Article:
Notice that the promise here is not that everything will turn out just the way we like. We know better than that in this life. But that no matter what, God will be at work through our prayers is implied, with the promise that God’s peace which surpasses all understanding will guard our hearts and minds in Christ Jesus. We need to hold on to this promise and not let go of our faith, putting that faith into practice by doing what Paul tells us to do here. God will always answer. According to our faith, it will be done for us. And God values our efforts, even though inevitably imperfect.

We know that in the new creation we’ll live in God’s care with no concerns whatsoever, whole and fully at peace in the love of God. But even in a world which is often turbulent and tearing at the seams, we can still have God’s peace. Yes, right in the midst of the storm. And in spite of so many things we wish would be different. Peace of heart and mind. In and through Jesus.

fragmentation

It is wonderful to experience a wholeness that would embrace everyone, and knows not just a few close friends. That is the oneness Jesus brings, and in which we are meant to live. Instead we live in fragmentation, jumping from one thing to another, all in a quest for the wholeness which seems both elusive and illusive (an illusion).

Grace in and through Jesus draws us in, into the unity and wholeness of God. That is the life in Jesus in which we are called to live. Jesus expressed it in this way:

My prayer is not for them alone. I pray also for those who will believe in me through their message, that all of them may be one, Father, just as you are in me and I am in you. May they also be in us so that the world may believe that you have sent me. I have given them the glory that you gave me, that they may be one as we are one— I in them and you in me—so that they may be brought to complete unity. Then the world will know that you sent me and have loved them even as you have loved me.

Yes, we need this in our individual lives before God through Christ. And we need it together; in fact this oneness unites us not only with God, but with all who are in Christ. Only as we live in this wholeness together will the world take notice and see something of the reality that is more than just words.

the broken

I wish I would have lived my life without the chronic sense that something was terribly wrong with me. And yes, something terribly wrong across the board, with the universe. Though people who don’t seem to have my problem never cease to amaze me, especially those who seem so adept at doing what I wish I could do better.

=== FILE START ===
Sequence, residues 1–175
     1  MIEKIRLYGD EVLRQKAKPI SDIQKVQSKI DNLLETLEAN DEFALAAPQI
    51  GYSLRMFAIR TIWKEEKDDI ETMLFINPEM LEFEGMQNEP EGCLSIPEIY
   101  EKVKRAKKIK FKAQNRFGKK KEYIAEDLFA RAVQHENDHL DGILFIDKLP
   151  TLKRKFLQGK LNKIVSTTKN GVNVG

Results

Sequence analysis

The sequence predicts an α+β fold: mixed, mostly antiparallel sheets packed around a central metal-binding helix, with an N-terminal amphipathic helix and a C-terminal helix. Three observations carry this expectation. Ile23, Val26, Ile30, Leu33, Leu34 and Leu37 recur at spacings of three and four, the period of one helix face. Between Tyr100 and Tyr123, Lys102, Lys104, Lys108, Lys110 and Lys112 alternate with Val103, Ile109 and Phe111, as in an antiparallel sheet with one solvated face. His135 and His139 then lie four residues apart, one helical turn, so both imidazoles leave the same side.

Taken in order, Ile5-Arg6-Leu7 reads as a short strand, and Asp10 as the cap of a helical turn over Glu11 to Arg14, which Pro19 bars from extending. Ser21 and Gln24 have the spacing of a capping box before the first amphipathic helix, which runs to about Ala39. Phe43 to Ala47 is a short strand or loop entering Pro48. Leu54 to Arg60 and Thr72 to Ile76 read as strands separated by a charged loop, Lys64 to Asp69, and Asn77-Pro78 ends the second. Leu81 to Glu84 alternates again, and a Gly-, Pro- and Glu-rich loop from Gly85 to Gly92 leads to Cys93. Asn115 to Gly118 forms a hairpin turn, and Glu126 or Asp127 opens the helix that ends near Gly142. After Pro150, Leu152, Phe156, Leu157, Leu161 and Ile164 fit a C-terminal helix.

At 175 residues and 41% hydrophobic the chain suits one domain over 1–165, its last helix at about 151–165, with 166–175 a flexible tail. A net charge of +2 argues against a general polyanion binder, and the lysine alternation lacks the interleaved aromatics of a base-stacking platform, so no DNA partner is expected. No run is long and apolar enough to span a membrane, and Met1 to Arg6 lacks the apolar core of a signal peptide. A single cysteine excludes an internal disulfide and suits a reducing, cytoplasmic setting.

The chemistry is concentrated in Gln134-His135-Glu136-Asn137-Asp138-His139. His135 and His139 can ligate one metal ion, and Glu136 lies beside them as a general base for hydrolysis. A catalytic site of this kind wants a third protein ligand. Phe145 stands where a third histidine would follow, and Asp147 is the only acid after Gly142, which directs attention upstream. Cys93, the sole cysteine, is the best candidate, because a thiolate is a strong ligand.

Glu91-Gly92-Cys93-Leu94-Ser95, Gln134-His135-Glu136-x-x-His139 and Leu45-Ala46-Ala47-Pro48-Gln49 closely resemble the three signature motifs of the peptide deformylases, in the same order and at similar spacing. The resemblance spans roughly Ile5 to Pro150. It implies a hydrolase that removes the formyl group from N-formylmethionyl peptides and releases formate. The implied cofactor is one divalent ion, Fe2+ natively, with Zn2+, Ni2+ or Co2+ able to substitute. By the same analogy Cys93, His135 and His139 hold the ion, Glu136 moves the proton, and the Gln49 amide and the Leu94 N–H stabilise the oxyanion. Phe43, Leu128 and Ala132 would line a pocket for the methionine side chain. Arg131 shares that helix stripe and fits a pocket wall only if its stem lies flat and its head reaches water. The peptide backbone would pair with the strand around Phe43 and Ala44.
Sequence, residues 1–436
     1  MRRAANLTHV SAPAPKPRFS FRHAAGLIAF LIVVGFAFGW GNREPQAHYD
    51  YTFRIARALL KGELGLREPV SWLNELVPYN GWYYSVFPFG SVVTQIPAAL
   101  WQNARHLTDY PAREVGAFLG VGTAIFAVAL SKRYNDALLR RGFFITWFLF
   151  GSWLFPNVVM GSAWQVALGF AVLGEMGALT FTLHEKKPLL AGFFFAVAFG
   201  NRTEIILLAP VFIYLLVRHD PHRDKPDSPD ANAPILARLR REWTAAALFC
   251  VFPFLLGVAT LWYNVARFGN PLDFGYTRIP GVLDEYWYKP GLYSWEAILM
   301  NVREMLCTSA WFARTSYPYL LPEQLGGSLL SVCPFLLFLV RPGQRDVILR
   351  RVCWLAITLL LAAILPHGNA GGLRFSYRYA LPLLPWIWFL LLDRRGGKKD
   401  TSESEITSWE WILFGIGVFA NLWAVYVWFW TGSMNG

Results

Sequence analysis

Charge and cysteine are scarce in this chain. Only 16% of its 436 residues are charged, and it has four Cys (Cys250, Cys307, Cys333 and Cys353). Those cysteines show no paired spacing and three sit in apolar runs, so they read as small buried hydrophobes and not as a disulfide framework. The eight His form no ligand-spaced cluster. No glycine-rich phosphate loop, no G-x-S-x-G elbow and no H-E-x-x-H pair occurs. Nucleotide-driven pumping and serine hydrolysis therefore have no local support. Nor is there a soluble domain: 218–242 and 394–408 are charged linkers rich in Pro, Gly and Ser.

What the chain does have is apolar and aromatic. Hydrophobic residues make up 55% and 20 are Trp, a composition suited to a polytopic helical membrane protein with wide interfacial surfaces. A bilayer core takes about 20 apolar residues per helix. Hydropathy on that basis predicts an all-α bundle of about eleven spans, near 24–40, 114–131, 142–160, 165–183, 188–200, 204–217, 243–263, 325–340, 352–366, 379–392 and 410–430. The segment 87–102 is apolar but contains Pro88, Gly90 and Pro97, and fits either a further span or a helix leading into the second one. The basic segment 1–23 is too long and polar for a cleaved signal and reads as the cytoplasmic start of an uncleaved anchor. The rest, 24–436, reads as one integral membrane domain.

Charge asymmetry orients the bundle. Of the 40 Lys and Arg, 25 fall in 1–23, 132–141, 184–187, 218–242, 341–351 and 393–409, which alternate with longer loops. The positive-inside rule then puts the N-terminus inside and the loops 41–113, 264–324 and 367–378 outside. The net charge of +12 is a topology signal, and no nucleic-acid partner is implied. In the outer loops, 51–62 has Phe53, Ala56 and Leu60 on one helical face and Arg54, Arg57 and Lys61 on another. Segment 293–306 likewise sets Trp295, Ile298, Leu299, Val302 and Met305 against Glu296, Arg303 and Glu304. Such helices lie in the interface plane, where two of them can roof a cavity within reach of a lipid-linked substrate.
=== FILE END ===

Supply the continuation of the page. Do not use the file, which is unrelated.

Of course there are exceptions and moments in time when all seems well and good. When grace brings in a sense of overwhelming peace. This happens in measure. But by and large, I go on day after day feeling broken and subdued for the most part. Nothing new, but made even more assuredly so by my own sins, even though the Lord has protected me.

I would like to get better during the years I have left. Actually I think in some measure I have gotten better over the years, and am still in process that way. But we inevitably see the stark contrast between ourselves and others, and we know the wear and tear of life has taken its toll on us. I get to the place where I simply give up becoming substantially different.

Yes, I would like to overcome the sense that something is wrong, although that sense can help me keep coming again and again to the Lord, realizing that my only hope and life and eternal good is from him.

In another sense I need to accept myself just where I am. Yes, I can’t be so and so. In large part that is because we’re all gifted differently. And the Lord is at work in my life to help me grow and learn to do better in his grace. Doing better in the sense of being more at rest and peace.

Until then and beyond—I hope always, no matter what—I will continue to come back to the Lord over and over again, by his grace. I will hopefully grow in my sense of need and dependence on him. And I will also grow in my sense of interdependence on others in Christ’s body, the church. Along with this, I will also be able to identify with the down and out of this world, even with the worst of sinners, since I myself am one with them. While at the same time being one with Jesus along with others in Jesus, being restored and remade in his image together for the world.